Dorothy Rabinowitz, in Saturday Review (copyright © 1975 by Saturday Review/World, Inc.; reprinted with permission), March 22, 1975.
[Handke's] plays and other works have made him perhaps the most interesting young writer in German today. (p. 20)
[Richard Gilman, in The Making of Modern Drama,] rightly [observes] that Handke is in some way a philosophical dramatist [and] finds him to be very like Wittgenstein. It is true that Wittgenstein called philosophy "a battle against the bewitchment of our intelligence by means of language," and that Handke shows himself to be very suspicious of language as the means by which we are induced to accept "reality"; indeed he sometimes hates it and speaks of its "idiocy." But these similarities, even if not misleading, are not sufficient to justify the conclusion that "nothing could be closer in spirit" to Wittgenstein than Handke, and I am not surprised to learn that the dramatist has himself rejected the comparison.
Wittgenstein was concerned to avoid errors arising from a failure to understand the workings of language. This is not the same as to wish to "learn to be nauseated by language," as Handke says he does, and as he says we should if we are to achieve consciousness. But Handke's theory is not fully articulated, and there is excuse for confusion. He believes language to be an agent of social oppression and mystification, so there is a political aspect to his theory; but Handke seems to me less interested in this for its own sake than as the symptom of a more radical distress. Language makes us sick, perhaps makes us wicked (his theory is really quite Rousseauistic), and if we can find a single dominant motive in Handke's work it is that as a writer he is always having to love what he abhors. The consequence is that he is a poet above all else, and almost always in a state of fright or horror. (pp. 20-1)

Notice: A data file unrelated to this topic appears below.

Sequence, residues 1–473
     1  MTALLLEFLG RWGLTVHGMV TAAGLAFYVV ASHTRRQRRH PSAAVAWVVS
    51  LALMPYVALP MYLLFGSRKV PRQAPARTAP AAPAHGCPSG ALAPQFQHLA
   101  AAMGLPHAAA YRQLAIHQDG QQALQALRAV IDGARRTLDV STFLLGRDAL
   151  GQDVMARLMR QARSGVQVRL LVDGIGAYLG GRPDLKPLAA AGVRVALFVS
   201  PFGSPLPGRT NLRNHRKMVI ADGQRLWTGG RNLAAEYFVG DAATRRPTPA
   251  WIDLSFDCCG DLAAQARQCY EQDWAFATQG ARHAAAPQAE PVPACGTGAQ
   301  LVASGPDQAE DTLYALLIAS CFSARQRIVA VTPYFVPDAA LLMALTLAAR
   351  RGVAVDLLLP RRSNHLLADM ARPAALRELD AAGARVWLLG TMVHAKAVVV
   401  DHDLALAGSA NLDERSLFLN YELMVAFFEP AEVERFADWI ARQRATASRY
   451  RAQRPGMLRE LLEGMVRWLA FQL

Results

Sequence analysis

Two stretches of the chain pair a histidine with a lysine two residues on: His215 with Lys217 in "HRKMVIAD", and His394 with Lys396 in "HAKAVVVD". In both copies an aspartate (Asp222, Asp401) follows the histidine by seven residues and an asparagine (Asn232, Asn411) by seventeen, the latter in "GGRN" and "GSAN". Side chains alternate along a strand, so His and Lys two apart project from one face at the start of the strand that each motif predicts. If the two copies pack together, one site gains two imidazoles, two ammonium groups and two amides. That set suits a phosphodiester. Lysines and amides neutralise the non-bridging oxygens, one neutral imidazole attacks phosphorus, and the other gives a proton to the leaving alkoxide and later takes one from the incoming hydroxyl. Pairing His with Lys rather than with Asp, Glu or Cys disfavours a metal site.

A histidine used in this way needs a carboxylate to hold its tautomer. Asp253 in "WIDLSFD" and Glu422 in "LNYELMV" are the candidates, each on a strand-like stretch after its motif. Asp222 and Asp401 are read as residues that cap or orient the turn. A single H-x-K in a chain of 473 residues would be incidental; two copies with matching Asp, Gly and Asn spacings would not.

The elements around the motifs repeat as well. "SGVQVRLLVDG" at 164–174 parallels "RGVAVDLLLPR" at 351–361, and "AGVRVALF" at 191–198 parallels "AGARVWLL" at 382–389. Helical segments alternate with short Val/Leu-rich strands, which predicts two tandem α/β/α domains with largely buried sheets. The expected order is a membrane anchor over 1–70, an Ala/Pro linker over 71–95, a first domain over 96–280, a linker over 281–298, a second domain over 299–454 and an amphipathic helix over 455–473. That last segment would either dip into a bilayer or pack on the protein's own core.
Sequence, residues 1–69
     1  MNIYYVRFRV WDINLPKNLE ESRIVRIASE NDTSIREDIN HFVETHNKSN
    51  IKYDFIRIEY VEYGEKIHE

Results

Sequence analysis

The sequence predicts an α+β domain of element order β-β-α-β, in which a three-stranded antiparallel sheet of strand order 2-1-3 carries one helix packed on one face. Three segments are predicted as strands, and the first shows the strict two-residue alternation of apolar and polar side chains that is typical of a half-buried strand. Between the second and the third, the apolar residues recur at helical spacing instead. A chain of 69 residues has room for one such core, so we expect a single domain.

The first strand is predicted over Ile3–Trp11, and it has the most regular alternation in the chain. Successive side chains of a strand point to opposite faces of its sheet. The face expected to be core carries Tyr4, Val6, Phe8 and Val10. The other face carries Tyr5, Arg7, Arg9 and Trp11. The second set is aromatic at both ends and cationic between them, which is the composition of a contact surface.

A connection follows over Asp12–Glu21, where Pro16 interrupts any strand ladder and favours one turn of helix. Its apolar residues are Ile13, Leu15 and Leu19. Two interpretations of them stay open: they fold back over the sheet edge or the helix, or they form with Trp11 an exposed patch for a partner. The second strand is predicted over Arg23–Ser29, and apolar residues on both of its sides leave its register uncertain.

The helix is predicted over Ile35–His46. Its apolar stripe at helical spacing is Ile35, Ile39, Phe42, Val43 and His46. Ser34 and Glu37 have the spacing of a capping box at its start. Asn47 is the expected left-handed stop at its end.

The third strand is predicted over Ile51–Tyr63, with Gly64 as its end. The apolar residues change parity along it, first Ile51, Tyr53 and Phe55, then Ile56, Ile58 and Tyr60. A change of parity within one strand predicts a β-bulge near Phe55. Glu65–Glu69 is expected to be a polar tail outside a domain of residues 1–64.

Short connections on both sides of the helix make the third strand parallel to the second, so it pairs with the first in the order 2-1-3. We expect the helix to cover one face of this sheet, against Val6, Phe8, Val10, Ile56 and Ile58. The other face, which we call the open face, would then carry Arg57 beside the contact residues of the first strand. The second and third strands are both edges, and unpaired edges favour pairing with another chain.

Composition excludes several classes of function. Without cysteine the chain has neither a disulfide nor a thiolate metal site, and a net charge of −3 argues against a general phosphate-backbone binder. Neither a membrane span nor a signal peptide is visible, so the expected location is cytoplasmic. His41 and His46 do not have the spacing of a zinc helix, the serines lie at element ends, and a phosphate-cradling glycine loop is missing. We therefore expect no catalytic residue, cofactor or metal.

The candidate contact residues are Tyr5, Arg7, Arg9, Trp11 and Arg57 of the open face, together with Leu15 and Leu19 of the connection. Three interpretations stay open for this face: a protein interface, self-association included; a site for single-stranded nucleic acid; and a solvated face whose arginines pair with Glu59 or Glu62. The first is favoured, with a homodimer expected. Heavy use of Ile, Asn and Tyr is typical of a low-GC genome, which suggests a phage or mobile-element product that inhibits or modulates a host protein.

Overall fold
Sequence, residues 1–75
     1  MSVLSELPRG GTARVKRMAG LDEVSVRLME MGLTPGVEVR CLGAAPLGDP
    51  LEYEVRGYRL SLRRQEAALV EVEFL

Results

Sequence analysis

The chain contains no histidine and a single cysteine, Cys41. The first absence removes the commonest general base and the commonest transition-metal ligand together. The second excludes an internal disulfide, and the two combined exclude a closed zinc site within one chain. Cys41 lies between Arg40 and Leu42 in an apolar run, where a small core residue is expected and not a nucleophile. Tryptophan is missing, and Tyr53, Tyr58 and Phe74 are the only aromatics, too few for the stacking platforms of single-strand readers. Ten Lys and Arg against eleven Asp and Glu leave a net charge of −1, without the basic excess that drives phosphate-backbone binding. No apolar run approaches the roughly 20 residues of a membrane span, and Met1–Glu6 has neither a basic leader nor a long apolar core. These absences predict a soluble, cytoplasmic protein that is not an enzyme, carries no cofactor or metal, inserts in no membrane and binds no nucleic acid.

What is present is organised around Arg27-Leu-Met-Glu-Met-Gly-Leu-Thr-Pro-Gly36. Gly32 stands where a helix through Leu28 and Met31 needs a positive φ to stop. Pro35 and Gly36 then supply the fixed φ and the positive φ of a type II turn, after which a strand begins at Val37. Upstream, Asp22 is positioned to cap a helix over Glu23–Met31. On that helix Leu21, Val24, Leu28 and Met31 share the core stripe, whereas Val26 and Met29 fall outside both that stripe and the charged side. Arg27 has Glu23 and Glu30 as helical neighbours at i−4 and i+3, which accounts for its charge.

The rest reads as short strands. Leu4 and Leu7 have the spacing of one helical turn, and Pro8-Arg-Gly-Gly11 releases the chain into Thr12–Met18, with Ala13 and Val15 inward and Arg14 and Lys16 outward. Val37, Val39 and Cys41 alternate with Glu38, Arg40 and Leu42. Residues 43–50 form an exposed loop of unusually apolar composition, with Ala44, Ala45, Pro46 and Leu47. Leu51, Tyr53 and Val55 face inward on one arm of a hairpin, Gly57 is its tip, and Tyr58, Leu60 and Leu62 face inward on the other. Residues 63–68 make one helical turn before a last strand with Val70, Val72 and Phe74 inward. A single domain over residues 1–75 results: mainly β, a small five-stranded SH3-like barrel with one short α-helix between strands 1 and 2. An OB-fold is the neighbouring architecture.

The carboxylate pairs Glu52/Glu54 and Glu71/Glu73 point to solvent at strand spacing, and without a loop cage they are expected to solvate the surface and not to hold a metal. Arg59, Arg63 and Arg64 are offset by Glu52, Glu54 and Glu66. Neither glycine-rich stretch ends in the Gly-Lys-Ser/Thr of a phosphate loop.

The nausea which he says he feels, and which he compares to the nausea of Sartre's Roquentin about things, arises less from the brutalization of people by (the abuse of) language than from disgust at having to deal with the corrupt and systematic independence of language itself.
Hence for Handke language is what prevents us from being in the world as it is, a set of debilitating fictions. He is faithful to the puritanism of the avant-garde in general when he says that "the progress of literature consists of the gradual removal of unnecessary fictions," and his earliest effort was to destroy the fictions that are habitual in the theater. He sought to strip it of all its familiar trappings, going beyond the point where Beckett leaves off, trying to make audiences understand the "produced" quality of what they were seeing, to abuse the theater and the audience too, in so far as it contributed to the theatrical fiction. In his early plays, there is no action, no character, no fourth wall; there are people in a room, and all that is happening is language. Of course the theater can be seen as a model of other forms of social lying, all dependent on language. Attack language, Handke seems to be saying, and you attack the root of evil.
Using language to attack language sets problems Handke is always aware of. His anti-theater is very theatrical, his anti-language has great linguistic and rhetorical resource. The words of his Sprechstücke ("speak-ins") are not, he explains, "pictures"; they point not to a world beyond them "but to the world in the words themselves." This words can do only by insisting on themselves as interesting, as opaque rather than transparent, exactly as the atheatrical quality of his plays requires constant reminders that we are in a theater and nowhere else. The expectations of the audience are constantly maintained by assertions that no conceivable curiosity or expectation of theirs may hope to be satisfied….